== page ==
After alignment, SNP calling for the two populations (Min pigs and Northeast wild boars) was performed using the Bayesian approach as implemented in the GATK. GATK uses a Bayesian genotype likelihood model to estimate the most likely genotypes and allele frequencies in a given population simultaneously, and generates an accurate posterior probability of a segregating variant allele at each locus, as well as an accurate posterior probability of each genotype in each sample. The “UnifiedGenotyper” command with parameters “-stand_call_conf 50-stand_emit_conf 30.0” was used to identify SNPs. SNPs were filtered, and only high-quality SNPs were retained. High-quality SNPs were defined as those which met several criteria: coverage depth ≥8 and ≤1000; root mean square (RMS) mapping quality ≥40; variant confidence/quality by depth ≥2; Phred-scaled P-value, using Fisher’s exact test to detect strand bias ≤60; consistency of the site with at most two segregating haplotypes ≤13.0; Z-score from the Wilcoxon rank sum test of Alt vs. Ref read mapping qualities ≥-12.5; Z-score from the Wilcoxon rank sum test of Alt vs. Ref read position bias ≥-8.0; and the missing percentage of samples within each group ≤50%.

InDel calling was performed using the “UnifiedGenotyper” command with the parameters “-stand_call_conf50-stand_emit_conf30.0” in GATK. Only high-quality InDels were retained, where high-quality InDels were defined as those which met four criteria: coverage depth ≥8 and ≤1000; Phred-scaled P-value, using Fisher’s exact test to detect strand bias ≤200; variant confidence/quality by depth ≥2; and Z-score from Wilcoxon rank sum test of Alt vs. Ref read position bias ≥-20.0.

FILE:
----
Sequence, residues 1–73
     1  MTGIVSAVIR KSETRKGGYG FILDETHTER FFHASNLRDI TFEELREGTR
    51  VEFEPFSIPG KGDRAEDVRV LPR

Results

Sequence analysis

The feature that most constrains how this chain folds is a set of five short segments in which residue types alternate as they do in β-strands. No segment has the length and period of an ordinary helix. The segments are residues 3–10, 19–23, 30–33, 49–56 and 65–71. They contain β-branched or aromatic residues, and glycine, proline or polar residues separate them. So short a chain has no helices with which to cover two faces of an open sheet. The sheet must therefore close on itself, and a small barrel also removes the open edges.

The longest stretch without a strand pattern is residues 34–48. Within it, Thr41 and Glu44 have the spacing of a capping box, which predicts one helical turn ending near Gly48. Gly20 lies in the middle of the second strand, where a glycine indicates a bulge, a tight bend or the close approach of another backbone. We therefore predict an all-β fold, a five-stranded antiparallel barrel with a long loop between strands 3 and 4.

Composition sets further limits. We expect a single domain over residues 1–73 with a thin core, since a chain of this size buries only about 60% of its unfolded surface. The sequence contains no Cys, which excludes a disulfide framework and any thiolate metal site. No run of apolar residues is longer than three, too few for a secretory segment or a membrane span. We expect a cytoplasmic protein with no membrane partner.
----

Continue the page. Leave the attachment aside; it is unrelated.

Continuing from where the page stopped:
Genomic population sequences

To explore the genetic relationships among worldwide pig populations, genome sequence data for 66 individual pigs (including indigenous pigs and wild boars) were downloaded from the NCBI Genbank and these sequences were analyzed as described above. A phylogenetic tree was constructed using MEGA5 with the novel sequencing data and previously published data and the application of the neighbor-joining method. Tree reliability was assessed using 1000 bootstrap replicates. The numbers presented for each clade represent bootstrap support values given as percentages.

A principal component analysis (PCA) of the autosomal SNPs was performed using EIGENSOFT 5.0.2. Eigen vectors were obtained from the covariance matrix using reigen in R, and the significance of differences among vectors was determined using the Tracy-Widom test. SNPs were compared among the Min pig, the Northeast wild boar, and the pig dbSNP138 data (NCBI: txid9823). SNPs from the Min pig, Yorkshire, and Northeast wild boar populations were called and filtered as described above, except that coverage depth was set to ≥8 and ≤1000 for Min pigs, ≥8 and ≤500 for Yorkshire boars, and ≥8 and ≤400 for Northeast wild boars.